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Old March 19, 2013, 01:41 PM   #127
Holartic
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Join Date: March 26, 2006
Posts: 26
There is no reason to ever not wear hearing protection while practicing. There is a phenomenon known as "auditory exclusion," where in a stressful situation you do not hear the shots.

I wear custom ear plugs from the doctors office and the highest NNR muff I can find. Exposure to noise is like radiation, cumulative gradual reduction in hearing ability. The sound scale is logarithmic so a NRR 28 muff will protect substantially less than an NRR 29 muff. When you get your ear plug molds make sure to open your mouth and move around your jaw, it seems to make for a better earplug. I can hear a lot of things pretty well with the custom plugs inserted even though they have an NRR of 29 or so, it takes a plug and a muff to really silence things.

I have permanent tinnitus in my ears from shooting 5.56 as a teenager and thinking that I needed to get my ears "used" to the sound so my reaction would be more effective in a defensive situation.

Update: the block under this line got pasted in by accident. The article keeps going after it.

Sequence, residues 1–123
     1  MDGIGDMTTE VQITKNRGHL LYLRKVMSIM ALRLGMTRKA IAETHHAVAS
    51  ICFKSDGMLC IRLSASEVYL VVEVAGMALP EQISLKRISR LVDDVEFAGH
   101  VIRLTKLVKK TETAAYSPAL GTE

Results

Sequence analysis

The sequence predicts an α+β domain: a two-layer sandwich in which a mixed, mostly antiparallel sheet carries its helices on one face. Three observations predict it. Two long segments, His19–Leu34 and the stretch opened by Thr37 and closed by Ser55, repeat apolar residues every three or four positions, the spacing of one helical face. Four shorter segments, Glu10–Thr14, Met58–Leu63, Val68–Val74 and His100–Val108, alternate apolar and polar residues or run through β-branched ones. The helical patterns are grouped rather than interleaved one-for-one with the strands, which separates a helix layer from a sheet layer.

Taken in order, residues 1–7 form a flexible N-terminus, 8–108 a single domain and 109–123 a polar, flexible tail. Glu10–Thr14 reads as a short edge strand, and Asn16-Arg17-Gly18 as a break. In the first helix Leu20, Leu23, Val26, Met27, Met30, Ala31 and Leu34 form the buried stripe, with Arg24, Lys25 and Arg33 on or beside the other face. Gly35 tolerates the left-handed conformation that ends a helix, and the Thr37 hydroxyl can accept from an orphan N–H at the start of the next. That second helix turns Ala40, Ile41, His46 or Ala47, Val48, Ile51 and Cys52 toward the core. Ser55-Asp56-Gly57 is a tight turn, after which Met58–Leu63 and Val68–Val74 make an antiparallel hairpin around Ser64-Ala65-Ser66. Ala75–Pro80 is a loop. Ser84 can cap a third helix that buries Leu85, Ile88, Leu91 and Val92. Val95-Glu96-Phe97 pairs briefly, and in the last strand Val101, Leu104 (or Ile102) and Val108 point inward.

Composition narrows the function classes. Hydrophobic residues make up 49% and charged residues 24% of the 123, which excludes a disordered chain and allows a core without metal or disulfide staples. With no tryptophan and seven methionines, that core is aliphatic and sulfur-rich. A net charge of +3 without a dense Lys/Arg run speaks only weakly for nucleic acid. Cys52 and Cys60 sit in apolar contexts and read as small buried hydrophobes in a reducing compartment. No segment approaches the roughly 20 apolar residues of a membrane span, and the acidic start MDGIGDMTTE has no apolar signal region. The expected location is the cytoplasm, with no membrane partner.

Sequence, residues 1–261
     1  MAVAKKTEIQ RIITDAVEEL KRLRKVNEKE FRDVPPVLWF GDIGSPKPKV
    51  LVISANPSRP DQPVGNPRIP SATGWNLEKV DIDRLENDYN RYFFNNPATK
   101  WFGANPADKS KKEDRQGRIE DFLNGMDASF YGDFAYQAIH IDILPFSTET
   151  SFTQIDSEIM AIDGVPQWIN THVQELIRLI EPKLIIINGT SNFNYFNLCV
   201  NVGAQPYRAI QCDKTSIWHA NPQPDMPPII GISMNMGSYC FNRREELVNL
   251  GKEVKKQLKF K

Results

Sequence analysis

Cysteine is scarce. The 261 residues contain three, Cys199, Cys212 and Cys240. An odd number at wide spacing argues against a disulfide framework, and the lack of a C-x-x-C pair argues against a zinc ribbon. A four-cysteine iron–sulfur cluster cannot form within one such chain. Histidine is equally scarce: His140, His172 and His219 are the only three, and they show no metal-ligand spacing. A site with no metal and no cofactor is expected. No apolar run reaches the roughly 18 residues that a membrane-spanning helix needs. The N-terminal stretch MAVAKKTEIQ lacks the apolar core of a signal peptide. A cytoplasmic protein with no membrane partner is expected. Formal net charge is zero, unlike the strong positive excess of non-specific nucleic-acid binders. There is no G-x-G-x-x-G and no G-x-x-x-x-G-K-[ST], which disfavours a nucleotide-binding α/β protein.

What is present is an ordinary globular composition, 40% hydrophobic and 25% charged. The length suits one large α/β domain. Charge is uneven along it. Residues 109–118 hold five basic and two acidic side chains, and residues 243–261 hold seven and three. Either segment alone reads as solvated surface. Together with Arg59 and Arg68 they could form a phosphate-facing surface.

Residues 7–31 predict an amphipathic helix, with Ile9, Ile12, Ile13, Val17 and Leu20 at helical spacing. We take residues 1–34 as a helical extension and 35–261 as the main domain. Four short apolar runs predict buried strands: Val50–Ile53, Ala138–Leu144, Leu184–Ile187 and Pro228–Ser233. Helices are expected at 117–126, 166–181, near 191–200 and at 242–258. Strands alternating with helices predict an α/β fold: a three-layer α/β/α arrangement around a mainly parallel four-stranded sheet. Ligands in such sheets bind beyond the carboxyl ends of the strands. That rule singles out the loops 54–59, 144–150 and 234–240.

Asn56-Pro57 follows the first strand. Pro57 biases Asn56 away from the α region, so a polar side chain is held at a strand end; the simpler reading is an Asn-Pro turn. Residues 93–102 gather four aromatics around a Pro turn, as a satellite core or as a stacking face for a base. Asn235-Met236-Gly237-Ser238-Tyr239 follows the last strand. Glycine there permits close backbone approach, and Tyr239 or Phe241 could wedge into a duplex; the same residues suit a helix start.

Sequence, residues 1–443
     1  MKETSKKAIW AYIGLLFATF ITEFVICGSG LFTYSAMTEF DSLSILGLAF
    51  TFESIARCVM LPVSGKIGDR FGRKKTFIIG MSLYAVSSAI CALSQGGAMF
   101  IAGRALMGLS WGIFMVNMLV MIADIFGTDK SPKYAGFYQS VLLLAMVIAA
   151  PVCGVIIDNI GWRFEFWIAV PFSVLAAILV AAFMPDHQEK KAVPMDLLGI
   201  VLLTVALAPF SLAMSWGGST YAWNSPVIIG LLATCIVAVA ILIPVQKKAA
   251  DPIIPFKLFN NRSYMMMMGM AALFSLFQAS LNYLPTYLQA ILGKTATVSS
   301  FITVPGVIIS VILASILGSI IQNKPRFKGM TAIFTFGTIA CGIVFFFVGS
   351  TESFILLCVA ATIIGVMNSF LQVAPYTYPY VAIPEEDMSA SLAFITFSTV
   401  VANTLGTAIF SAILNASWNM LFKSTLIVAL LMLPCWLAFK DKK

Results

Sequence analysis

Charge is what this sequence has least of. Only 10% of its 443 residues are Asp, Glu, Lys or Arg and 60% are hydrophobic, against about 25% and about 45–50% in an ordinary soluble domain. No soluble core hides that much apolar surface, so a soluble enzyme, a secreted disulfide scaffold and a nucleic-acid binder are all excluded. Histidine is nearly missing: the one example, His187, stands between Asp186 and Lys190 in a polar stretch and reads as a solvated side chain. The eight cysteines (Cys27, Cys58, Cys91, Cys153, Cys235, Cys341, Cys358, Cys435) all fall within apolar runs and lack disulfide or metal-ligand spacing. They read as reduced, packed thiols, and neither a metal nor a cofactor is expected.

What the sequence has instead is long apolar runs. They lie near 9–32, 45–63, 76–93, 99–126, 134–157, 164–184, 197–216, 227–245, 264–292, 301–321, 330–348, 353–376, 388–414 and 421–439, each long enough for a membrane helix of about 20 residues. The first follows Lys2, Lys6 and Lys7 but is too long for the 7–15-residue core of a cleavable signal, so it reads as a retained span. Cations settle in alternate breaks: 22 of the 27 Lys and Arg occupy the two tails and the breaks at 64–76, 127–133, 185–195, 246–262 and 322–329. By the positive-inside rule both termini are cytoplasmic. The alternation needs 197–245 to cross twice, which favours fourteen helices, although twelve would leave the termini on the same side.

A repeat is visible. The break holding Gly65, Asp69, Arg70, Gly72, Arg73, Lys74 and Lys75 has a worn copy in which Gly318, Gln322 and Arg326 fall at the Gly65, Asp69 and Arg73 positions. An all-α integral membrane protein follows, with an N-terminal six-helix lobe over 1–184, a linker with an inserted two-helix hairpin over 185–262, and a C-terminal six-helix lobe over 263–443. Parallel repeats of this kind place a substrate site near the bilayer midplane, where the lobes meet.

Take care of your ears, hearing protection is a lot cheaper than dealing with the intricacies of hearing aids.

This ear plug from the doctors office:

http://www.westone.com/defendear/

I cannot find the direct link but I use a style 40 NRR 29.

I use a Peltor H10A for comfortable high NRR:

http://www.peltor.com/peltor.com/non...od_num=H10A001

Some flavor of a this sort of muff is invaluable for shooting classes:

http://solutions.3m.com/wps/portal/3...BC31gv%29&rt=d

Please note, that when getting a noise cancelling muff to look at the maximum NRR because that will be the maximum noise reduction limit of the muff. If you are in a rifle class next to other people's muzzles and muzzle breaks you will need all the NRR you can possibly stand. http://solutions.3m.com/wps/portal/3...BC31gv%29&rt=d
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